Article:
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Don’t wait too long to fill your pots with spruce tree-tops.
A couple years ago I waited until after Thanksgiving. I had dug out my frost-covered petunias and begonias and left the soil in my front door planters. They sat there for weeks. I finally made it to the garden center and bought a couple of bundles of freshly cut, fragrant evergreen branches
I took one branch and poked it into the dirt. It traveled about an an inch and then hit what felt like rock hard cement. The soil was frozen solid. So I found a big bucket, filled it with hot water and poured it into the pot. The spruce tops still weren’t strong enough to puncture the frozen dirt. After three more buckets of sloshing, heavy hot water, I could finally plunge the branches into the soil, which had turned into mud. Don’t let this happen to you.
I’m buying my spruce tops this weekend - well before Thanksgiving. And I plan to make my pots look better than the ones decorating the neighborhood PDQ.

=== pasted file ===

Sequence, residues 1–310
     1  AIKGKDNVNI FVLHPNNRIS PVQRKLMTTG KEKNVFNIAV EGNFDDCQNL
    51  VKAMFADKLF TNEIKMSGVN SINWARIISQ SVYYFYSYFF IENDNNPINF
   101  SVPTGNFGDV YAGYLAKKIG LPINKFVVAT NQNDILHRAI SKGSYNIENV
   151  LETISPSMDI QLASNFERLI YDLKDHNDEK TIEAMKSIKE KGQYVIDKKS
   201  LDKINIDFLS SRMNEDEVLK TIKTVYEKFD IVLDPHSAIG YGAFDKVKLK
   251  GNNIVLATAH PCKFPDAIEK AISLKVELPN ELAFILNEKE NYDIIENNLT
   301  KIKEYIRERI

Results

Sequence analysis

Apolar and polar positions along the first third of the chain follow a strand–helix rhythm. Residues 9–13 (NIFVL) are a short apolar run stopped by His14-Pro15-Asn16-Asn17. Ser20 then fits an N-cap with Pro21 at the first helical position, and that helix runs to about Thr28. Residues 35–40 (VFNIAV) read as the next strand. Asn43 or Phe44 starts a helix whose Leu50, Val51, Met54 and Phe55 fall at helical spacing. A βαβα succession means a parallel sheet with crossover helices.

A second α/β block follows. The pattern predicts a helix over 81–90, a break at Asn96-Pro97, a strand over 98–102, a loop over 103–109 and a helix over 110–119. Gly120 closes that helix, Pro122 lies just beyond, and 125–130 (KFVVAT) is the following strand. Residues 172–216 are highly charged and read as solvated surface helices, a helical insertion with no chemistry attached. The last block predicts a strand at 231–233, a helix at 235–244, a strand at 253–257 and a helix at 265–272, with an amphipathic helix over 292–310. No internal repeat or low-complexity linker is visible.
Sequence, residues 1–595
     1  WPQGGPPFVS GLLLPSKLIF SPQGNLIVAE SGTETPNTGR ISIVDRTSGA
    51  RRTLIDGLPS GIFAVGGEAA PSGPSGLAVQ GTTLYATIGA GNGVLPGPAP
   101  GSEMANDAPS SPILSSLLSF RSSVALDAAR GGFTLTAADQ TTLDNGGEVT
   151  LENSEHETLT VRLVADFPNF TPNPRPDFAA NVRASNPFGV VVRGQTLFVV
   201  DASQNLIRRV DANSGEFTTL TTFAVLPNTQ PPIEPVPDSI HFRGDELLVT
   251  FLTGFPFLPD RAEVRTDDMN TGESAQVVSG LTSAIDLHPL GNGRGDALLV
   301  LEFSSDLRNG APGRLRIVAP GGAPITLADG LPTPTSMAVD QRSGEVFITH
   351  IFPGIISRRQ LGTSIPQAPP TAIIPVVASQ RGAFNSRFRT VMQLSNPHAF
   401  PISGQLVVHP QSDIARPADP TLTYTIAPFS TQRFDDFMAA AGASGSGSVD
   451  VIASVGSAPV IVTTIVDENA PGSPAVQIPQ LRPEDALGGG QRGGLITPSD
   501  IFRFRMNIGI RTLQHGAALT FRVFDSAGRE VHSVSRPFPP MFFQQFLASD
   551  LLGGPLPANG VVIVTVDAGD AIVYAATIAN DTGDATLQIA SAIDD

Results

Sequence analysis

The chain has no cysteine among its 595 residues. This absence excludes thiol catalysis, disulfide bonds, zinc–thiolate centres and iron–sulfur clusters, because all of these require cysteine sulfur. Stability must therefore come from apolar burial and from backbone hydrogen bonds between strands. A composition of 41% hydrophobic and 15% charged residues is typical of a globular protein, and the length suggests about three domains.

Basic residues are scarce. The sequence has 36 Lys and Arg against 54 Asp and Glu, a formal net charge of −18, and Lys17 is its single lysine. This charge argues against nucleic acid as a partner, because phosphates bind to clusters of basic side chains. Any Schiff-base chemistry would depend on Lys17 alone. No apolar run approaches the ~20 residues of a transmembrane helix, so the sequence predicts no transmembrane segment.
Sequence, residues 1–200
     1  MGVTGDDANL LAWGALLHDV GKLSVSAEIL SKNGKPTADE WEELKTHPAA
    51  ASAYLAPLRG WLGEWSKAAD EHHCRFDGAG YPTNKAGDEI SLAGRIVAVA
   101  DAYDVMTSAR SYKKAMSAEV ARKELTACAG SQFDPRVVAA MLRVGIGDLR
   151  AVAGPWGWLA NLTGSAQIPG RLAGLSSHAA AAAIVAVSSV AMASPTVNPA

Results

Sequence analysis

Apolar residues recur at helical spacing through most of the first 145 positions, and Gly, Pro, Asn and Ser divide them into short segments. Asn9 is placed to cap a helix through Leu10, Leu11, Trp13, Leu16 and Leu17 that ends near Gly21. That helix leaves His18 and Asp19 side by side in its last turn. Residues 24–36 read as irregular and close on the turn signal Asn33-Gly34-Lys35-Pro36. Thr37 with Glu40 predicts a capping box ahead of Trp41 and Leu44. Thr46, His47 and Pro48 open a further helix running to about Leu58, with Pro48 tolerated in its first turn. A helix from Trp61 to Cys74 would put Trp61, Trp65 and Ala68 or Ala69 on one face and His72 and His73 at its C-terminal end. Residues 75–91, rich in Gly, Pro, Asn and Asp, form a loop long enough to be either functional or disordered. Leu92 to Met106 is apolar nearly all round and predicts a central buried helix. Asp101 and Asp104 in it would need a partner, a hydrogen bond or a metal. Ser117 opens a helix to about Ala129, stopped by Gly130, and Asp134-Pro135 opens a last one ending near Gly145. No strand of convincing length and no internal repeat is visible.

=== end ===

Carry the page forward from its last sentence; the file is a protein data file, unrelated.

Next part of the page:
Here’s some tips for creating cool winter containers:
• Mix in other evergreens such as golden-green cedar and blue-green juniper for color and texture.
• Insert red dogwood and curly willow branches for interest and height.
• For splashes of crimson red - trim stems of crabapple berries from a tree in your yard.
• Add a circular shape to the mix with dried Autumn Joy sedum.
• The final flourish: A string of tiny white lights.
What’s your recipe for a pretty pot that will brighten the landscape until the snow melts?
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